By Nina Ranieri | Office of Family/Respect Life Ministry

On October 25, 1988, President Ronald Reagan, in proclamation 5890, proclaimed October to be Pregnancy and Infant Loss Awareness Month. Since that time, the month of October, along with being Respect Life Month, has also been set aside to honor all of the babies who have passed away as well as to support parents and families who are grieving their children.

While pregnancy and infant loss is a topic that many find difficult to openly discuss, one out of every four women will suffer the loss of a child who dies through miscarriage, stillbirth, or infant loss in her lifetime. This shocking statistic is all too common of an experience that affects many of us.

If you have lost a baby through miscarriage, stillbirth, or infant loss, I am truly sorry, and I empathize with your pain. On December 2, 2015, at 39 weeks pregnant, my husband and I lost our fourth child, our son Vincenzo Louis.

Shattered. That is the word that describes how a heart feels when you are told that your baby is no longer alive. It happens in an instant, the shattering, but it remains for a lifetime. If you have ever seen a broken glass window, you can picture this. When glass is broken, it shatters into a million jagged pieces. Some of the pieces are large and can be easily and carefully picked up by hand. Others are but tiny shards that can hardly be seen. Perhaps some are found only months or years later, hidden but still just as painful to touch. Sometimes, some of the glass remains unbroken, yet if you look close enough, you will notice that it is forever changed.

I have often said that my heart shattered when our son Vincenzo died. But what does that mean? What does that look like? My heart didn’t literally shatter, like broken glass. Fortunately, God designed our hearts to be much stronger than glass. But my heart is forever altered, it will never be the same.

After our baby dies, how do we pick up the shattered pieces of our broken hearts? Jesus tells us to “take up your cross and follow Me” (Mt 16:24). As Catholics, grieving our children who have gone before us is part of our cross. The Catechism of the Catholic Church teaches us that all pain and sorrow, if united to Christ’s passion, “can have a redemptive meaning for the sins of others” (paragraph 1502). Allowing our shattered hearts to share in Jesus’ cross “allows [our] suffering to have a new meaning” and allows us to mature spiritually (paragraph 1521).

On the way to Calvary, Jesus was aided by St. Simon of Cyrene, who helped Him carry the heavy wood of the cross in Jesus’ most difficult hour (Lk 23:26). Likewise, we too can look for other “St. Simons” who will help us carry our cross, ease our burden, and pick up our broken pieces on the journey of life after losing a baby. Along His difficult journey, St. Veronica wiped the face of Jesus on her veil and ministered to his needs. It took courage for St. Veronica to step out and enter into Jesus’ suffering amid the stares of the Roman soldiers and the crowd. Look for the “St. Veronicas” who aren’t afraid to reach out, step into your suffering, and wipe your tears.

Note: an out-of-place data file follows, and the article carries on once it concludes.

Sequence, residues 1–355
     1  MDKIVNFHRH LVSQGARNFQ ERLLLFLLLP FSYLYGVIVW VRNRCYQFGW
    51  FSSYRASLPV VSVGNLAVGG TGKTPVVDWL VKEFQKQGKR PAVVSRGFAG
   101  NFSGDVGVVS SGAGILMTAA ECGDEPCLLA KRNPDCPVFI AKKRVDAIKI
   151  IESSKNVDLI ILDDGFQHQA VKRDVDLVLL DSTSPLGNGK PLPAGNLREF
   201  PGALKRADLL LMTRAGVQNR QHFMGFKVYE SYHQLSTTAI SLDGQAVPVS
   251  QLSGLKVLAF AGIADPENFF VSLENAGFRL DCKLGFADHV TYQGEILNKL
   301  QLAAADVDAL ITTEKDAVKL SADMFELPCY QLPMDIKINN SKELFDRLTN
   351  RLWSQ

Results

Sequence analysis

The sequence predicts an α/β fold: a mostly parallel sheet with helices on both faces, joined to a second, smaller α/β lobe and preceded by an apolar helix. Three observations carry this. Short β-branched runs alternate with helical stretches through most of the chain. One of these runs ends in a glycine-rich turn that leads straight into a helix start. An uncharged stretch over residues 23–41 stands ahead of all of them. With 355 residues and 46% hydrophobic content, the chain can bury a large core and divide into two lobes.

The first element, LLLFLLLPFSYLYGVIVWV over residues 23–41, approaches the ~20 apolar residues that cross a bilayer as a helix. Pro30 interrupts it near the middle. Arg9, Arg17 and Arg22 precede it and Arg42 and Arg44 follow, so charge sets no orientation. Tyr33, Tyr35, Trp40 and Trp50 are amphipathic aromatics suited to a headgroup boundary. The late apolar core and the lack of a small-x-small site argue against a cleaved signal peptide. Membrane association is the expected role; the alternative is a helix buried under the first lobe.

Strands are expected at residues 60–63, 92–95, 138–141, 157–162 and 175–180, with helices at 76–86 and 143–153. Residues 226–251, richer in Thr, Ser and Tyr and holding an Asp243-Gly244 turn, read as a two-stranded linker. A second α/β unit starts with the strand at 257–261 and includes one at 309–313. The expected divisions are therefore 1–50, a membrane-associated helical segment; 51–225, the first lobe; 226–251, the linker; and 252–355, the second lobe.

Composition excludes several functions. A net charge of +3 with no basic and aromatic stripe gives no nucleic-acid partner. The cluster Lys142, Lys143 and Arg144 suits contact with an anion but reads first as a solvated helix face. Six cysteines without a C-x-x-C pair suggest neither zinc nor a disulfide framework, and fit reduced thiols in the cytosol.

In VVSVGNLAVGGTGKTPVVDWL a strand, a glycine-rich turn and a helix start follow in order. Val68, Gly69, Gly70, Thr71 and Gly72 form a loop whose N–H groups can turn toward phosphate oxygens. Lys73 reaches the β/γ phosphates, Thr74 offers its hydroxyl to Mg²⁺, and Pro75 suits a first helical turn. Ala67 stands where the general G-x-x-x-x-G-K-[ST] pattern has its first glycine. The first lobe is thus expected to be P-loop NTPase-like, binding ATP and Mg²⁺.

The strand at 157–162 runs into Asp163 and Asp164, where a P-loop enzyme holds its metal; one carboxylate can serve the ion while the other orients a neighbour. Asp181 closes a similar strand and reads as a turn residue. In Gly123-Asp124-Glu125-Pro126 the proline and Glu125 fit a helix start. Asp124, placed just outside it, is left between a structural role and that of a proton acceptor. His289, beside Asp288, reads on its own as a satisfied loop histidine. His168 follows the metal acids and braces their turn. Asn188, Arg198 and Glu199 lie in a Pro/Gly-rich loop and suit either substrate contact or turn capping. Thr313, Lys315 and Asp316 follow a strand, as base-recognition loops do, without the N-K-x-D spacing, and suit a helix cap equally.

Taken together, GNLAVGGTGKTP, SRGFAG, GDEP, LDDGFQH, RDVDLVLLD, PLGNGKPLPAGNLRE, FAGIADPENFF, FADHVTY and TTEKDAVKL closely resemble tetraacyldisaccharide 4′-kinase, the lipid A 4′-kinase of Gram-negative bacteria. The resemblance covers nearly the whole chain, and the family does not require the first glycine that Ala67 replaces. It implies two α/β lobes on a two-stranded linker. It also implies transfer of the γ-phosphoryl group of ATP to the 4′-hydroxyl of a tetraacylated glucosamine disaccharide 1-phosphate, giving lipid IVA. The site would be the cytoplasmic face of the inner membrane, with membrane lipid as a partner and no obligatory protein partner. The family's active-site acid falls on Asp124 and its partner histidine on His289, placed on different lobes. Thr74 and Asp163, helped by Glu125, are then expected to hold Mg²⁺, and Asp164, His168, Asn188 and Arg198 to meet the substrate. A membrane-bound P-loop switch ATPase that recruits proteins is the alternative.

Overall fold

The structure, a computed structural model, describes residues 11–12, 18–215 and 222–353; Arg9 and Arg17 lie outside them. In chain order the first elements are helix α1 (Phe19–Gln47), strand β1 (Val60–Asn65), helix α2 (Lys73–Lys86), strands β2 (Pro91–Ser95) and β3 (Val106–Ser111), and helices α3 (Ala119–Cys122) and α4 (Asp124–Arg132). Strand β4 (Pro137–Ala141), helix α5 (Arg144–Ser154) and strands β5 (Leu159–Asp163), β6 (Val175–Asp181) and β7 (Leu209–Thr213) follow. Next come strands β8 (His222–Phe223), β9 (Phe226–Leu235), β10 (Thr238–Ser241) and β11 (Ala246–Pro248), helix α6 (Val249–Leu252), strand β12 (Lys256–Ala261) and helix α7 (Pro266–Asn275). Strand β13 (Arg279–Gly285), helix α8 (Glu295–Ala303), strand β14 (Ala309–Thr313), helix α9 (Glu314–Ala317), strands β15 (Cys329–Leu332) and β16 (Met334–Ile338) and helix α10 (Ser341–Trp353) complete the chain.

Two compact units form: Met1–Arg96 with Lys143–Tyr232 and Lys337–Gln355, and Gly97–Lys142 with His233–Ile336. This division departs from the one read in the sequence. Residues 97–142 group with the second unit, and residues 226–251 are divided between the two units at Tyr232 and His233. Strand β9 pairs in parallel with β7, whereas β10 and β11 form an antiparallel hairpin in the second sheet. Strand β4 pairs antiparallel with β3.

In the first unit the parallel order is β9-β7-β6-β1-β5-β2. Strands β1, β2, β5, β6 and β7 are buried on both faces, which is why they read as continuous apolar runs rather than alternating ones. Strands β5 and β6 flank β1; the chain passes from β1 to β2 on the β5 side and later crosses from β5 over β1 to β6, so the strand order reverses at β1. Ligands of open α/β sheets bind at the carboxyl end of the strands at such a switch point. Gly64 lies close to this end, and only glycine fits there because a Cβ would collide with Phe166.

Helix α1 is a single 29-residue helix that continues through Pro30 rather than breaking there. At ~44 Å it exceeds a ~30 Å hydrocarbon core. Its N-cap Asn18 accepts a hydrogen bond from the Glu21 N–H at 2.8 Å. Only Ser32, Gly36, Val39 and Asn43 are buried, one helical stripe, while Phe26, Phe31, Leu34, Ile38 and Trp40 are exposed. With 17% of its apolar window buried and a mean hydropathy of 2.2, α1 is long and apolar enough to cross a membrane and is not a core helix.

These “St. Simons” and “St. Veronicas,” in my experience, are ever-present but may not know how to help or what to say to a grieving person. When someone loses a baby, look for ways to care for the parent’s physical, spiritual, and emotional needs. You can start by reaching out through cards, calls, or text messages. Through your presence, you can be a shoulder to lean on and a listening ear. Other examples of how you can minister to bereaved parents are by cooking them a meal, letting them know you are praying for them, remembering their baby’s due date or birthday, helping with household tasks, or offering to take care of their older children so they can have space to grieve.

We recognize that our grief over the loss of our babies exists because our love for our babies exists. When we lose someone that we love, especially our children, where does all our love for them go? We don’t stop loving someone just because they are no longer physically with us. Love never ends. And that is why grieving never ends. Love and grief ebb and flow as they become woven into our shattered, beautiful hearts.

Although our shattered hearts may never look the same, we can pick up our cross and take comfort in St. Paul’s words: “We do not want you to be unaware, brothers, about those who have fallen asleep, so that you may not grieve like the rest, who have no hope. For if we believe that Jesus died and rose, so too will God, through Jesus, bring with him those who have fallen asleep” (1 Thessalonians 4:13-14).

If you would like support in the grieving process, if you want to share your story, or if you would like to connect with someone who has experienced a similar loss, you may reach out to us at May God bless you.

Nina Ranieri is the Eastern Region Coordinator for Natural Family Planning, where she works to promote and support NFP and to create events for Catholic community among young families. She lives in the Utica area with her husband, Mark. They have five living children and one son in heaven.


For more healing resources, please see our Handbook for Parents (—Diocesan-Offices/Family-and-Respect-Life/Pregnancy-and-Early-Infant-Loss-parent-handbook-oct-2018-FINAL-Printer-Version-Nina-Ranieri.pdf)

Here are a few ways you can navigate your journey of grieving after losing your baby through miscarriage, stillbirth or infant loss:


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